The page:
Richard Furnstein: That's right. The Boys are all grown up. They held your hand, but only when they were luring you away from the bar to have adult sexual encounters in your cheaply furnished apartment (that's what "Norwegian Wood" is, think Ikea and dimming halogen lamps). You're a liberated chick right (or "Bird," if you want us to walk you through this entire process)? Cool, then adult sex is just what the doctor ordered. Cuddling ain't on the menu, I'd rather sleep in your bathtub than curl up in your princess bed. No offense, I'm just a complicated rock star.
Robert Bunter: Complicated. That's exactly the feeling. "I've got a lot on me mind, dear. I've been experimenting with mind-expanding drugs, writing songs with Paul McCartney and buying a house. Did I mention I have a wife and child? There's a lot for me to deal with right now, and your coy flirtations and manipulative games are not helping." Much speculation has circulated that "Norwegian Wood" was written about John's affair with journalist Maureen Cleave - HERE she is flirting with Bob Dylan. That must have been some crazy evening. Soft light, a frisky Beaujolais paired with smoked kippers, French cigarettes from a brass pocket case, Donovan's latest on the hi-fi. Maureen whispers something, John mumbles and adjusts his sunglasses...
Richard Furnstein: I feel like I'm watching the intimate details of mating rituals on some late night PBS special on the honey badger. It's simultaneously tender, primal, practical, and savage. "Norwegian Wood" seems to discuss the foibles of the western male--all unfocused sexual energy and swagger--colliding with the promise of sexual independence and release promised to all young women in the rock and roll wars. Your downfall is either drink or women. You either sleep in the bath because you are too drunk to know any better or you fear intimacy that advances past the frilly things. It's a N.O.W. badge come to life, fitting awkwardly in the realities of late nights, surging hormones, fame lust, and sexual manipulation.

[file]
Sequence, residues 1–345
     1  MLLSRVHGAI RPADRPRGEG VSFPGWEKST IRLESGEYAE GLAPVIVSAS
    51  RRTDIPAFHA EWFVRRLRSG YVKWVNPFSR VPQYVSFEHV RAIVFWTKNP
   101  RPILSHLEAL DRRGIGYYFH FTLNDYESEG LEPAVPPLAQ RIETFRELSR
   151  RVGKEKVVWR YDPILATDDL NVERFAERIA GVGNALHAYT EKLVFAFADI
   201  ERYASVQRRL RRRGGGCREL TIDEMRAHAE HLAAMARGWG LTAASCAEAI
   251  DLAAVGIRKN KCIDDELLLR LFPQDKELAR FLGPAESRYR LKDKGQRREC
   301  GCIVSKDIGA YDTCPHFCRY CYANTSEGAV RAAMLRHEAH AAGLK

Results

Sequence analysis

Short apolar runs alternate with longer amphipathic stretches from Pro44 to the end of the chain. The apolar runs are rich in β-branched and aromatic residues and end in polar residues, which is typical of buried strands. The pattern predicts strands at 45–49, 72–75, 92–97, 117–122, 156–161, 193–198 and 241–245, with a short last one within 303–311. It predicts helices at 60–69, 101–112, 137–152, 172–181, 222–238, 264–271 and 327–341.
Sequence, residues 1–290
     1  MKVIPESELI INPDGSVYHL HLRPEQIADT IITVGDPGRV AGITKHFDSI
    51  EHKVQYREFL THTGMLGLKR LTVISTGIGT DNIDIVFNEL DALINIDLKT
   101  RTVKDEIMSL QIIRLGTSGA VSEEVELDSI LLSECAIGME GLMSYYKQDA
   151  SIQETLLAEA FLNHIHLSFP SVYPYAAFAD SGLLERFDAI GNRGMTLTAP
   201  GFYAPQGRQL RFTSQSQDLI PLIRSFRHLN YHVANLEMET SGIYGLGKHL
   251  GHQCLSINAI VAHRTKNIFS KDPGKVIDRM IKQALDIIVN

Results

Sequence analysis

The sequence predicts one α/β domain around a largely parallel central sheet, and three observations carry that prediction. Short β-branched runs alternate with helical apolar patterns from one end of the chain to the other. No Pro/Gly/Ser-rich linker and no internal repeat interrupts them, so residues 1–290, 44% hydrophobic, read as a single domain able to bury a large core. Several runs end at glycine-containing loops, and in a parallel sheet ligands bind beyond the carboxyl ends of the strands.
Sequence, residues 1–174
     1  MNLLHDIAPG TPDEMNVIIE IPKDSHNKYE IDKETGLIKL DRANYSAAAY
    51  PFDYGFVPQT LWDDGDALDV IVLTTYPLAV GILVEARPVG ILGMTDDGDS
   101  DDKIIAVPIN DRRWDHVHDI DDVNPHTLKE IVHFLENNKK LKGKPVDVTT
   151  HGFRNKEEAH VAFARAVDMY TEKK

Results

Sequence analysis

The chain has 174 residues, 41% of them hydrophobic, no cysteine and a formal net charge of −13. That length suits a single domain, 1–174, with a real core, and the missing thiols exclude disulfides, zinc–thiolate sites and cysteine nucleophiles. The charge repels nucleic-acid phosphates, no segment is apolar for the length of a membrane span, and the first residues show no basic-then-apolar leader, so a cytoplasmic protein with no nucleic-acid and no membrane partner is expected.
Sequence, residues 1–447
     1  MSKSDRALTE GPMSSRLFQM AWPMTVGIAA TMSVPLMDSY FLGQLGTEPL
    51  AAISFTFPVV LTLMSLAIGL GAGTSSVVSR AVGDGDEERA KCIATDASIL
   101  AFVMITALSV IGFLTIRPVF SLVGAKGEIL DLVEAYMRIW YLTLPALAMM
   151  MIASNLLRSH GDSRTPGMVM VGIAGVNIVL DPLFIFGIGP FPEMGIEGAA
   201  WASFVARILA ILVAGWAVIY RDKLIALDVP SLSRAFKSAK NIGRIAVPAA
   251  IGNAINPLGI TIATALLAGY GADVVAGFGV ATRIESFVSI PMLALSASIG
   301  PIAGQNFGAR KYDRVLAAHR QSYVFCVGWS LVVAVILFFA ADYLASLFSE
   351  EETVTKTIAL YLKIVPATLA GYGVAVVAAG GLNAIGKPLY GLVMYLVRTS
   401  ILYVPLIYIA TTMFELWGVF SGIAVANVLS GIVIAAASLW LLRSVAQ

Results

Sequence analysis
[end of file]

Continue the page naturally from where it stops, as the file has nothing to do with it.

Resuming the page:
You're a liberated chick, right? Cool, then adult sex is just what the doctor ordered.
One thing I was never clear on: should this song make you feel sad for the characters? Is it just a numb slice-o-life commentary? Where do you stand, Bunter? Is it more "Good Morning" than "She's Leaving Home"?
Robert Bunter: Wow, great question. You've cut right to the heart of the matter. I think we're dealing with John's marijuana-induced emotional detachment. He is not sure how to regard the woman, the situation or himself. So, he presents us with this gauzy, impressionistic series of vague images and leaves out the conclusions and emotions. There is a sort of sadness here, but it's evoked by the absence of emotion rather than its presence. None of McCartney's deftly-betugged heartstrings for this old boy (who I like to call Johnny "Moondog" Lennon). He's just going to serve you up a raw plate of painful reality and let you draw your own conclusions. The road to "A Day In The Life," the ultimate masterpiece of aching detachment, starts here.
Richard Furnstein: Let's put a bow on this one, because this is another gift to the faithful readers. I would like to recognize the use of sitar on the track (hard to believe that George was able to manage good taste in his early days on that yawning, cranky beast of an instrument). George picked up the sitar after seeing musicians cradling the stringed monsters on the set of Help! George must have incredible luck pulling new sensations from movie sets. His first wife and renowned Best Looking Beatles Wife Patti Boyd was a fringe benefit from the shooting of A Hard Day's Night. Any idea if he pulled anything interesting in the shooting of Let It Be?
Robert Bunter: An old brown shoe. Hahahahahahahahahaha!